The American College of Occupational and Environmental Medicine (ACOEM) is the authoritative group that provides guidance to health professionals that serve and care for employee populations in work organizations. This guidance statement provides a consensus among occupational health professionals about the impact, outcomes to be expected and recommendations for dealing with obesity in working populations. Obesity status affects approximately 37.7% of the U.S. adult population and represents a major concern of virtually all employee and worksite wellness initiatives. A body mass index (BMI) of ≥ 30 kg/m2 is the generally accepted threshold for obesity.
Objective: To conduct a comprehensive literature review to develop recommendations for managing obesity among workers to improve health outcomes and to explore the impact of obesity on health costs to determine whether a case can be made for surgical interventions and insurance coverage. Methods: We searched PubMed from 2011 to 2016, and CINAHL, Scopus, and Cochrane Registry of Clinical Trials for interventions addressing obesity in the workplace. Results: A total of 1419 articles were screened, resulting in 275 articles being included. Several areas were identified that require more research and investigation. Conclusions: Our findings support the use of both lifestyle modification and bariatric surgery to assist appropriate patients in losing weight.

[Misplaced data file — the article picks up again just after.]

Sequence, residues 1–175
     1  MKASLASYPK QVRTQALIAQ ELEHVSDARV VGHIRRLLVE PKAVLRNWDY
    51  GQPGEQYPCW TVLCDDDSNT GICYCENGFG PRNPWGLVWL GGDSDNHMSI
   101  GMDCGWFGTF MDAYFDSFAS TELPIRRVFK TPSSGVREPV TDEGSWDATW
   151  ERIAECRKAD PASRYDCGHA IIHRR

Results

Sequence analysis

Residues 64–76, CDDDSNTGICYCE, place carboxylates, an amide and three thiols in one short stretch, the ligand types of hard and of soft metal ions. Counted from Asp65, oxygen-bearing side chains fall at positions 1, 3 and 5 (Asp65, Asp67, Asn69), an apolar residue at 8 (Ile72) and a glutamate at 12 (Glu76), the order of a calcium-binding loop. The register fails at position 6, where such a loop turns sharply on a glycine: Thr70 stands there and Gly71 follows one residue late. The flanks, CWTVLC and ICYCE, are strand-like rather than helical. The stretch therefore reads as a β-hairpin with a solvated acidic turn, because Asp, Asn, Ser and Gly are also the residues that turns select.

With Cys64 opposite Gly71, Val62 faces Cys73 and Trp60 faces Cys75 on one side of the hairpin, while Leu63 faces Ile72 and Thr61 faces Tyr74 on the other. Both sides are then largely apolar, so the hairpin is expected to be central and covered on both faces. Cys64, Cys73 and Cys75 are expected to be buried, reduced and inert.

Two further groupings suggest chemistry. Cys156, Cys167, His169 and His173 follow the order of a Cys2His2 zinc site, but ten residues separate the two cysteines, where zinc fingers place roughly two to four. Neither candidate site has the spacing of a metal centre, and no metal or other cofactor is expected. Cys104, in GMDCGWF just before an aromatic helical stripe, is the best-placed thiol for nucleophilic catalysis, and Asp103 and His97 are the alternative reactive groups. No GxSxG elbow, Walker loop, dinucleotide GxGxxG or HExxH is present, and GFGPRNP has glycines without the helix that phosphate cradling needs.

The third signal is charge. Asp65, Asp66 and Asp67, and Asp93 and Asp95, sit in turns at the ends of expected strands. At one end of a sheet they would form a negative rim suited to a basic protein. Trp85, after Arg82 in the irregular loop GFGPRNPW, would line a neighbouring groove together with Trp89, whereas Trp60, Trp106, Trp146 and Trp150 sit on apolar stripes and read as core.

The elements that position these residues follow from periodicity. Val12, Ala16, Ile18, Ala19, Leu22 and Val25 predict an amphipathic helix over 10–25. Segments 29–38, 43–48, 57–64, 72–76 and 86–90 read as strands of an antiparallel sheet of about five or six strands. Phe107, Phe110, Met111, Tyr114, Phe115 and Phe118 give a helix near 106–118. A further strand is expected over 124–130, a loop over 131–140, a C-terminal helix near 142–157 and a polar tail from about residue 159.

The types of issues addressed in this article includes:
- Methodology used by ACOEM to weigh the evidence for evaluating the outcomes of employer efforts to reduce obesity.
- Estimates of the economic burden associated with obesity.
- Staging of obesity and its health and safety impact.
- Impact of the workplace on obesity.
- Social stressors and psychosocial work factors.
- Recommendations for lifestyle modification interventions.
- Pharmacotherapy recommendations.
- Surgical interventions and emerging invasive therapies.
- Recommendations for employers about obesity treatment and prevention.
- Research gaps concerning obesity in the workplace.
Worksite Wellness professionals can use this information to:
- Compare their own approaches to obesity with the ACOEM recommendations.
- Educate management and employees about the economic and productivity costs of obesity.
- Utilize these recommendations to help formulate organizational and wellness strategies.
- Formulate organizational perspectives about obesity and overweight issues in their workforce.
In summary, this is an authoritative and recent source of information and consensus about the major problem of obesity among working Americans and provides summary information and recommendations that are useful for worksite wellness professionals.